Demons and Devotion: The Hours of Catherine of Cleves
This digital facsimile provides reproductions of all 157 miniatures (and facing text pages) from the Hours of Catherine of Cleves. The original one-volume prayer book had been taken apart in the nineteenth century; the leaves were shuffled and then rebound into two confusing volumes. This presentation offers the miniatures in their original, fifteenth-century sequence.
The Hours of Catherine of Cleves is the greatest Dutch illuminated
manuscript in the world. Its 157 miniatures are by the gifted Master of Catherine of Cleves
(active ca. 1435–60), who is named after this book. The Master
of Catherine of Cleves is considered the finest and most original
illuminator of the medieval northern Netherlands, and this
manuscript is his masterpiece.
The manuscript Catherine commissioned is a prayer book
containing an unusually rich series of devotions illustrated with
especially elaborate suites of miniatures. The artist's keen sense
of observation combined with an interest in everyday objects
was a style far ahead of its time (it would come to flower in
seventeenth-century Dutch still-life painting). All the miniatures
are filled with amazing detail. Narrative was also one of the great
talents of the Master of Catherine of Cleves—he could tell a
good story. Finally, Catherine's codex is famous for the artist's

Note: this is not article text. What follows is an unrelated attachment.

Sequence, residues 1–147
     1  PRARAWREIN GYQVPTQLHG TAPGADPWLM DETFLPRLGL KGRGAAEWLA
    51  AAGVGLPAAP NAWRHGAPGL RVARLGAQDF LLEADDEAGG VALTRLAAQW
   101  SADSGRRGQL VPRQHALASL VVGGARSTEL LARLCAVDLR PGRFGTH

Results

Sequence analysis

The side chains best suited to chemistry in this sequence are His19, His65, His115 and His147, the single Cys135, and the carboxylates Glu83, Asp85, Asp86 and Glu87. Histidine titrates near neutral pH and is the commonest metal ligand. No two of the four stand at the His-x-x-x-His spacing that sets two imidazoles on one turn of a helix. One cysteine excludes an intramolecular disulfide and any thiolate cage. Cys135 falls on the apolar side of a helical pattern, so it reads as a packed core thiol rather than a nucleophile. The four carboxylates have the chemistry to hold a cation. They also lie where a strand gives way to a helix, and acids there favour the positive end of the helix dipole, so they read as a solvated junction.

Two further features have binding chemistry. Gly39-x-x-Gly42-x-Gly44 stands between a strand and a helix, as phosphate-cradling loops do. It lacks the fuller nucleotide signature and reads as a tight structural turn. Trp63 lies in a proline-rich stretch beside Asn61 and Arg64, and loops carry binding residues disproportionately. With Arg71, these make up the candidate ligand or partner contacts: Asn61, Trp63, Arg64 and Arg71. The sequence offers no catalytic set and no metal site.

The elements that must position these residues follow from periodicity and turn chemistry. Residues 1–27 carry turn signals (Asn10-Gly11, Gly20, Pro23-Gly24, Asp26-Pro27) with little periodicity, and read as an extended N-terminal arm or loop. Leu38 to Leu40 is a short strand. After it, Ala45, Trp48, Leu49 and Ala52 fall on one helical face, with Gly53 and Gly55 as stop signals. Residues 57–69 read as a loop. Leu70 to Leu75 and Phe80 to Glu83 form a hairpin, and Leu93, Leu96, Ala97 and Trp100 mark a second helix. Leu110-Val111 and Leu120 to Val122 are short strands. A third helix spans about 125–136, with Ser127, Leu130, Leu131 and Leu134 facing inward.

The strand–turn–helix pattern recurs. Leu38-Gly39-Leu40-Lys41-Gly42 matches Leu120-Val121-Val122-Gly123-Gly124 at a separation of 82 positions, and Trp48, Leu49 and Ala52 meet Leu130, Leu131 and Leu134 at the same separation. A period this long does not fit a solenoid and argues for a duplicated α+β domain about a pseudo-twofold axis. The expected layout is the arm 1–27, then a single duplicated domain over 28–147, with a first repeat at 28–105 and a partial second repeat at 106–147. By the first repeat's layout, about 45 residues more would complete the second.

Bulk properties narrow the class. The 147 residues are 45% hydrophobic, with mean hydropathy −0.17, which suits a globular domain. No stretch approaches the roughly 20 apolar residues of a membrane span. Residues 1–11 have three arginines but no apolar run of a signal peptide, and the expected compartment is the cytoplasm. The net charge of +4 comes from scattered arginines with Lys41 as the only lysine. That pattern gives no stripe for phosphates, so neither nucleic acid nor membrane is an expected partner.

innovative borders, no two of which are alike.
Who Was Catherine of Cleves?
Catherine of Cleves (1417–1476) is known for two
things: her Book of Hours and her protracted
political battle against her husband. In 1430 she
married Arnold of Egmond (1410 –1473), becoming
duchess of Guelders. Although she bore her
husband six children, the marriage was not happy.
By 1440 Catherine refused to live with him.
War between husband and wife was sparked
by Arnold's disinheriting his only living son, Adolf
(1438–1477; rumor had it that Adolf accused his
father of homosexuality). Catherine's siding with
her son in the conflict led to anarchy. The cities
of Nijmegen, Zutphen, and Arnhem supported
Catherine and her son; Roermond sided with the
duke. In 1465 mother and son imprisoned Arnold,
forcing him to abdicate. Adolf, as duke, spent
six years in ceaseless struggles with his father's
In 1471 Catherine watched in horror as Arnold
secured his freedom and regained his title while Adolf
was imprisoned. Arnold died in 1473, disinheriting
both wife and son. Catherine's death in 1476 robbed
her seeing the release of her son. Adolf's liberty was
short-lived; he died the next year.
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